Simon Denny’s work is modeled on an unrealized Amazon patent for a worker’s cage. It really embodies the dehumanizing tendency of automatic labor, and it’s related to an essay that analyzes the anatomy of Amazon’s ecosystem – and bottom line. It’s really a wake-up call in terms of pointing towards both the humanitarian and ecological consequences of the data economy. All these things we interact with on a daily basis, that we may think of as immaterial, have hugely material consequences and footprints in the world, both in terms of the kinds of labor they create and also the environmental consequences they produce. It’s really of a planetary scale. Simon has honed in on this pattern to realize this cage, which becomes the home of a virtual thorn bill bird (native to Australia) that tops the list of potentially extinct species. And so you can activate this bird which then flutters in the cage – and becomes literally the canary in the coal mine. It’s accompanied by four related collages. This calamity of consequences is something we don’t think about when we eagerly draw on our devices.
Agnieszka Kurant strikingly interprets this theme in her sculptures made of sand, gold, glitter, and crystals constructed by termites.
She has a group of works, and to a certain extent, they deal with how AI reformulates labor. One work is called AAI, which is actually an acronym Jeff Bezos used to describe the ghost work behind the Amazon Mechanical Turk. The work you are supposedly outsourcing to your AI is actually done by thousands of people around the world who perform these micro-tasks computers cannot do that are then assembled by AI into the product you’ve requested to see executed on the platform. On the one hand, her sculptures draw attention to the ghost work behind AI and on the other hand, addresses the fact that a lot of research and development of algorithms are based on natural modes of intelligence, primarily swarm intelligence. Whether it’s termites or bees, these natural metaphors have been so pervasive within the mechanics of the machine learning world, and this shows the indebtedness of programming to biological phenomena.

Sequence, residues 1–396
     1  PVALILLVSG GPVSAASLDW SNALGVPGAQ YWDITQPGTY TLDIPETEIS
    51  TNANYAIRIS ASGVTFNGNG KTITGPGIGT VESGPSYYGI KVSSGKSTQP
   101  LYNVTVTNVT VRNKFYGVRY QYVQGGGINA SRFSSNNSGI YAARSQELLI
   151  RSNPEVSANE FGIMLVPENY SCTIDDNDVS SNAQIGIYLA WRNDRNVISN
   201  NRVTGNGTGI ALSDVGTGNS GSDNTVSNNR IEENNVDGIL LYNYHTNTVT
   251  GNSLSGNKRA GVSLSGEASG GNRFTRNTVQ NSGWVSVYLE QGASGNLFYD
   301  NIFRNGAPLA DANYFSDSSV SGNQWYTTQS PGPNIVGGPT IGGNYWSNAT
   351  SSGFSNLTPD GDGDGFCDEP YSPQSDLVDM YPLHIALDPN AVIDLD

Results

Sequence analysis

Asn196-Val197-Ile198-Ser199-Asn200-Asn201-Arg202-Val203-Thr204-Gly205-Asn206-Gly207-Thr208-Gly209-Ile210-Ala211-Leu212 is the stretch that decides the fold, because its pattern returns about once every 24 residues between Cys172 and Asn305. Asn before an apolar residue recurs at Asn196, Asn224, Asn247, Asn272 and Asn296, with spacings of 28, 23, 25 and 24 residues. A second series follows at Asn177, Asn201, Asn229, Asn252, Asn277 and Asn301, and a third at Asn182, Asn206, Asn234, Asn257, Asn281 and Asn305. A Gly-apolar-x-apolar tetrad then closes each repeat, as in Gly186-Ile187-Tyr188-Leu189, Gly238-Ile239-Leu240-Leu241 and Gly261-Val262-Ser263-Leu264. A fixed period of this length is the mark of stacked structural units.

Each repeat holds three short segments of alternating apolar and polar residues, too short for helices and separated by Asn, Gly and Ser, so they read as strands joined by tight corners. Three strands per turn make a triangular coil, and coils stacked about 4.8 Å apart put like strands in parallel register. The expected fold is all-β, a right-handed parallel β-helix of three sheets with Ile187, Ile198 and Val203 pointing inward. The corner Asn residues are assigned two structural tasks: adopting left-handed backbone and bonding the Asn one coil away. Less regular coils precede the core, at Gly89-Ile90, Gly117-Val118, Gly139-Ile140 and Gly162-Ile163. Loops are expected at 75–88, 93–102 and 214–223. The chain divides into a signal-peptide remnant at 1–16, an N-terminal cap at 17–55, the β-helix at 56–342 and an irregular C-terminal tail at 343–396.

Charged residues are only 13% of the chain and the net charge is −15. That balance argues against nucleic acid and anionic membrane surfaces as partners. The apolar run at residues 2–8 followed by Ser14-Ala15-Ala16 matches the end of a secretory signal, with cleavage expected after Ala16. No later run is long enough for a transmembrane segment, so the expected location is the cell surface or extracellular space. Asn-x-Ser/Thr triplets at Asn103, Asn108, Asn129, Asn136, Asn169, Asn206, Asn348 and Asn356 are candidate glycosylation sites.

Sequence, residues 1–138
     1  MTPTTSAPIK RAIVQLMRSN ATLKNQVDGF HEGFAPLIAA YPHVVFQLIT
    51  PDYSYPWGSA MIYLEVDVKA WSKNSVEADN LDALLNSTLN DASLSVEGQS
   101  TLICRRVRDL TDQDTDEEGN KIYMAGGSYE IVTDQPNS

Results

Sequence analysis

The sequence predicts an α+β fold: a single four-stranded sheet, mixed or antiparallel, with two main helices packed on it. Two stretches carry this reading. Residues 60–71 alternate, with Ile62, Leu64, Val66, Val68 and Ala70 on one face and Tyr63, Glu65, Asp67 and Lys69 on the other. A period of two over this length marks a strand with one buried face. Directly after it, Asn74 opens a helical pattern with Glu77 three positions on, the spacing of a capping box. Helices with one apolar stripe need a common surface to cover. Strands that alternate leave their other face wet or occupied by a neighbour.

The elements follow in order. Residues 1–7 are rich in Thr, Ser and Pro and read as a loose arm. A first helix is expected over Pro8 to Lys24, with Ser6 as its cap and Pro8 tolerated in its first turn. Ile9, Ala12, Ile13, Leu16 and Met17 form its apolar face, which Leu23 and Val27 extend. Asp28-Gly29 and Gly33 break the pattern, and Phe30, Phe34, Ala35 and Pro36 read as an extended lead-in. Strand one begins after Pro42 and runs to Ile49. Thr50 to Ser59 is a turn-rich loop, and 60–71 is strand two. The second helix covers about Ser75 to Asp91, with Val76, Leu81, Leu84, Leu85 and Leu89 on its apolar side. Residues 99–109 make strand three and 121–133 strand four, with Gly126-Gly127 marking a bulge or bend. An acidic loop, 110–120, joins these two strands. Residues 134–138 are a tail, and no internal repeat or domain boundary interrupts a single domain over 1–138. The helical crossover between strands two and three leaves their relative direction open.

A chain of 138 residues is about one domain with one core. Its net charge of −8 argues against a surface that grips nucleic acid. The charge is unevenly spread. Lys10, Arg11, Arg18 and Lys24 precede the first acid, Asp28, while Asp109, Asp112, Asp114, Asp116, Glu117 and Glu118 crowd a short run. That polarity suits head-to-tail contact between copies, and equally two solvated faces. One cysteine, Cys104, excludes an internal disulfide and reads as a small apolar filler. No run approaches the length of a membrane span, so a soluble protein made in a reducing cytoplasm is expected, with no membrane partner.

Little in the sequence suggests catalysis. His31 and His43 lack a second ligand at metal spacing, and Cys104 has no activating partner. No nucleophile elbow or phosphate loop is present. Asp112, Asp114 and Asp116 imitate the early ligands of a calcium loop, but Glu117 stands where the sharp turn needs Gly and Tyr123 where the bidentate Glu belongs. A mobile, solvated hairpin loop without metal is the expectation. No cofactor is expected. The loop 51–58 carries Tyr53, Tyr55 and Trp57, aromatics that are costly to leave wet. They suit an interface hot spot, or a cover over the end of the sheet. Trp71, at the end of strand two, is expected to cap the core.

Moving on to Trevor Paglen’s work is like moving from ghost work to ghost eyes.
With They Took the Faces From the Accused and the Dead, Paglen investigates the biases built into data sets developed to train AI systems. The American National Standard Institute archived mugshots that were used without consent for classification and pattern recognition. His mosaic of thousands of images reveals the biases built into these systems.
After being kind of overwhelmed by Paglen’s deep research and revelation of the myth of neutrality, we meet social activist Chris Toepfer in Hito Steyerl’s installation The City of Broken Dreams.
Yes, Toepfer is a war veteran who has dedicated his life, post-Iraq, to social work and helping people in traditionally underserved neighborhoods. Steyerl met him and, in thinking about this piece, arrived at this idea as a metaphor for a society in which technology facilitates the interests of the rich and powerful and ignores the interests of the underprivileged.
On one hand, you have this short video that follows Christopher around and documents his restorative work, which is painting. So the videos are presented on easels, which is an important detail because, of course, it speaks to the historical trope of painting as a window to another world, as well as a restorative measure against social injustice. Christopher’s activities directly tried to counteract the “broken window” theory, which presumes that a broken window invites fear and further violence (destruction invites destruction), which leads to predictive policing systems like PredPol, which have been criticized for being based on so-called ‘dirty data’. Deployed into the algorithmic realm of statistical analysis, existing biases can be reinforced.